The Sudbury Star is the City of Greater Sudbury’s daily newspaper.
A committee of representatives from Vale Ltd. and United Steelworkers Local 6500 is working to ensure the 58 recommendations from a joint investigation into the death last year of a millwright are implemented and that history doesn’t repeat.
Mike Bond, chair of health and safety for USW Local 6500, said some progress has been made to resolve issues at the Copper Cliff Smelter Complex, where Paul Rochette, 36, was killed April 6, 2014, while working on an ore crusher.
Monday, the Ministry of Labour announced it had laid 17 charges under the Occupational Health and Safety Act in relation to Rochette’s death. Nine were laid against Vale Canada Ltd. and eight were laid against two supervisors, and a third supervisor who was classified as a worker at the time.
The charges against Vale relate to ensuring work was done properly, that workers were educated and trained, and that safeguards were put in place to keep pieces of machines in place.
Bond said no one who knew anything about the situation at the smelter complex last year was surprised so many charges were laid.
Three charges against supervisor Eric Labelle are related to energy generating devices not being properly engaged, locked and tagged, and failure to ensure that while work was being done on the crusher, any gravity-store energy was dissipated or contained.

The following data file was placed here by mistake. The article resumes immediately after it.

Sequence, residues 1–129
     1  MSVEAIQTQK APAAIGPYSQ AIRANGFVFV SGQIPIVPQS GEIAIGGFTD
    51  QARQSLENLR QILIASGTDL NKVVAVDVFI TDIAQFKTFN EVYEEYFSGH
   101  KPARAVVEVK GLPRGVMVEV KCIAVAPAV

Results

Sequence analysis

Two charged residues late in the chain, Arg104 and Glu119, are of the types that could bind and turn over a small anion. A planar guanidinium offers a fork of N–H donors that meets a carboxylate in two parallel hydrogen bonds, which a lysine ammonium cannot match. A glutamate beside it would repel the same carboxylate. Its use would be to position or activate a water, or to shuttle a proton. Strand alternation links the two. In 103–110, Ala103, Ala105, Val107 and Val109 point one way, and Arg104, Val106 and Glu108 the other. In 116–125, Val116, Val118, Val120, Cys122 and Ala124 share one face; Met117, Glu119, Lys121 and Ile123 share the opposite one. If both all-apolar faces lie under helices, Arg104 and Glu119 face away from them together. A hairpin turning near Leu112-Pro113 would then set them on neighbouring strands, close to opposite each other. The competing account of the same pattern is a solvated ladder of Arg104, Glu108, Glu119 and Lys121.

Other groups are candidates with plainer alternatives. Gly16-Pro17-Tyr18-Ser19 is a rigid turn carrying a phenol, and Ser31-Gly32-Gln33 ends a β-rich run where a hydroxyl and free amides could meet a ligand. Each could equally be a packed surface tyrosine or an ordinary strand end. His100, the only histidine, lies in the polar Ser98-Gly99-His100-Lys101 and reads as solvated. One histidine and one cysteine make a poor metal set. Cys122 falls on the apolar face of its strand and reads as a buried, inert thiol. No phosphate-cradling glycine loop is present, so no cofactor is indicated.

Two charges against supervisor Glenn Munro are similar, as are three charges against supervisor Greg Taylor, a supervisor functioning as a worker at the time of the accident.
A second millwright, a 28-year-old man, suffered serious facial injuries in the accident in which Rochette was killed. His name has not been released.
Bond said while some recommendations have been implemented to improve safety at the smelter, “we still have a long way to go … we would expect more.”
He said Vale officials may not be as “open” to suggestions from workers or the union about how to improve safety in that area of the plant as they could be.
Many deficiencies were identified in the joint investigation, which uncovered a negative culture of safety at the smelter at that time, said Bond.
“The morale of the workers, the direction the company was going with the workers and with health and safety, it wasn’t a positive safety culture,” he said.
When tragedy struck in that environment, it created anger and tension in the workplace between employees and the company, said Bond.
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